Such an optical clock is located at the University of Wisconsin, Madison. This watch can house six strontium pancakes (actually six small watches) in the same structure. (This number is nothing special; more hours can be added or subtracted. “Six is an arbitrary number,” says Shimon Kolkowitz, a physicist at the University of Wisconsin, Madison.)
This clock in Madison deviates by only one second in 300 billion years; that is more than 20 times the age of the universe. While this is a world record, it is not itself the most powerful watch. Another clock at the Joint Institute for Laboratory Astrophysics (JILA), a joint project of the US National Institute of Standards and Technology (NIST) and the University of Colorado at Boulder, surpasses it.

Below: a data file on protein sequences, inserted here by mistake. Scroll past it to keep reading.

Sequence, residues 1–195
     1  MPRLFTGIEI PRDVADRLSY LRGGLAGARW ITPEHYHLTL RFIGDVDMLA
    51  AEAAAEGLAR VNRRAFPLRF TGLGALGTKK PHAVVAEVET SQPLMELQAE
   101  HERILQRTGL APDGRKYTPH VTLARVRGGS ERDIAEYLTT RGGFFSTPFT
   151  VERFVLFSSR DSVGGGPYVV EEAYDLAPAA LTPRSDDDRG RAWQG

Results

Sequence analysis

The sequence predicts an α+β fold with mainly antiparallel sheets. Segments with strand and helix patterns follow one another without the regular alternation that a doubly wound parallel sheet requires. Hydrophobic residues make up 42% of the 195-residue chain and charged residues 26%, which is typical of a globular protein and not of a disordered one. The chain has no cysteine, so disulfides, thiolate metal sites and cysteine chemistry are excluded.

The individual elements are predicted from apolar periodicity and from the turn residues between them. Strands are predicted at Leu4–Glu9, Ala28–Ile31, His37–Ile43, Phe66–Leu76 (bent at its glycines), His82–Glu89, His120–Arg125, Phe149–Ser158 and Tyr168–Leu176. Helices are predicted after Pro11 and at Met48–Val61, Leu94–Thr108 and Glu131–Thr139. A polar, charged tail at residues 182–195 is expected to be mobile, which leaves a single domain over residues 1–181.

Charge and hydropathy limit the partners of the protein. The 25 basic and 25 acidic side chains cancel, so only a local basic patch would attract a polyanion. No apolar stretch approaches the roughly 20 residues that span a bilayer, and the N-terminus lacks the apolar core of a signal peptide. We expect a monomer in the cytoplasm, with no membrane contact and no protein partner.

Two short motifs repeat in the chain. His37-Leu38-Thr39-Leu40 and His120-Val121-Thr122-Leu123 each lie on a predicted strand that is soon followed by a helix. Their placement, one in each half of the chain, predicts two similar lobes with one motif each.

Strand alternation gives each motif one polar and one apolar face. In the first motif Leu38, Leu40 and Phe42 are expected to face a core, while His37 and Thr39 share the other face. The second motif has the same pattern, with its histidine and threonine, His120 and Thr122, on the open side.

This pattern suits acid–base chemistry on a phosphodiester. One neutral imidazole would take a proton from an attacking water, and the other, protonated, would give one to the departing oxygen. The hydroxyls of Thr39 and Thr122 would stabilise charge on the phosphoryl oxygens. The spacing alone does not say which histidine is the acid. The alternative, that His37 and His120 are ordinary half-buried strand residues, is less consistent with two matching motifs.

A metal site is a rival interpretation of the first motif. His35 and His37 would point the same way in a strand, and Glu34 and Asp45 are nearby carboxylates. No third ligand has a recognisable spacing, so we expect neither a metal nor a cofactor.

Having more than one “clock” on the same device may not be useful for keeping time. (For example, which time will you follow?) But it allows the time to be compared with each other. Because these clocks are very, very precise, they can measure some very precise physical processes. For example, the group working in Boulder can test the time dilation inside the device.
“This is something you’ve found so far by comparing separate clocks over long distances,” says Tobias Bothwell, a graduate student at JILA and NIST.
According to the theory of relativity, the faster you go, the closer you get to the speed of light, the slower time slows down. Gravitational fields can cause the same slowdown: the stronger the field, the greater the time dilation. For example, let’s consider Earth. The closer you are to the center of the Earth, the more Earth’s gravity pulls you down and the more time dilation you experience.